​Muzzled: New UK laws punish owners of ‘dangerous’ dogs

​Muzzled: New UK laws punish owners of ‘dangerous’ dogs
Owners of dangerous dogs could face fines of up to £20,000 under new laws designed to prevent dog attacks.The laws, which will come into effect next week, will also mean animals deemed ‘dangerous’ must be muzzled or microchipped.

Owners could also face up to 14 years in prison if their dog fatally attacks someone, and 5 years if a dog inflicts serious injury.

Changes in the law follow new rules allowing owners to be prosecuted if their animals attack other pets on private property.

According to government statistics, 8 adults and 13 children have died from dangerous dog attacks since 2005, while last year more than 6,000 people were hospitalized by animal attacks.

Animal Welfare Minister Lord de Mauley said the new rules showed the government was taking “tough action” against “negligent owners.”

“Dog attacks are devastating for victims and their families, which is why we are taking tough action against those who allow them to happen,” he said.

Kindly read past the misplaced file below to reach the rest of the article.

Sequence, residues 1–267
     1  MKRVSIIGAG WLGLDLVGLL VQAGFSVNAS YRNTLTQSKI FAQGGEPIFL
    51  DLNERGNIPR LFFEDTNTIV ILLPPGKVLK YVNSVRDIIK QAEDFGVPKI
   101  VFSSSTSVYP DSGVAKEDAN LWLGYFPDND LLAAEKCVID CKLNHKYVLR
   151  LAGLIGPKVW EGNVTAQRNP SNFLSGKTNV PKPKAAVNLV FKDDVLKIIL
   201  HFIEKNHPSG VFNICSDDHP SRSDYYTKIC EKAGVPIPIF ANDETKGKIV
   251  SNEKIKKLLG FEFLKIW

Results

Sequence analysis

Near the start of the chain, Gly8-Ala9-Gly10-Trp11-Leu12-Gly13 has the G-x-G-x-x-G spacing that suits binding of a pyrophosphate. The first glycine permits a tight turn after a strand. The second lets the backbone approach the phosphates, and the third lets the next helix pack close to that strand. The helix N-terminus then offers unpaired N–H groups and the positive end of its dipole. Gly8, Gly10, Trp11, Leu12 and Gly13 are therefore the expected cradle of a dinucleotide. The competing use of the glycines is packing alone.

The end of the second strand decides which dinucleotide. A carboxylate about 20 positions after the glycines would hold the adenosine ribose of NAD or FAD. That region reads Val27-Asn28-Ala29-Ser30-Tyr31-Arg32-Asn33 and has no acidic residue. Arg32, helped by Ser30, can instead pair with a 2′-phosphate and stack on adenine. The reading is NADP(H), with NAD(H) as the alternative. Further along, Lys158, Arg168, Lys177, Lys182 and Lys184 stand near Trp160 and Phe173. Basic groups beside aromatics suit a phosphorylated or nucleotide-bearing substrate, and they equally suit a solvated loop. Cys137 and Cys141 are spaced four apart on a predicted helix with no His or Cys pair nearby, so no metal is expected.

“Police and local authorities will now have more powers to demand that irresponsible dog owners take steps to prevent attacks before they occur. This is on top of the tougher prison sentences we introduced earlier this year for owners who allow their dogs to attack people and assistance dogs.”

Last year, hundreds of dogs deemed ‘dangerous’ were destroyed after being seized by police.

Under the Dangerous Dogs Act 1991, certain animals commonly used for fighting are not permitted to be bred in the UK. They include the Pit Bull Terrier, the Japanese Tosa and the Dogo Argentino.

Other breeds of dangerous dog must be registered, insured, neutered and implanted with a microchip under the act.

“Royal Mail campaigned for changes to the Dangerous Dog Act to ensure our postmen and women are protected when they enter private property including a customer’s garden,” said Royal Mail Director of Safety, Health, Wellbeing and Sustainability, Shaun Davis.

“We are pleased that these further changes will help police forces and local authorities use their new legal powers to prevent dog attacks.”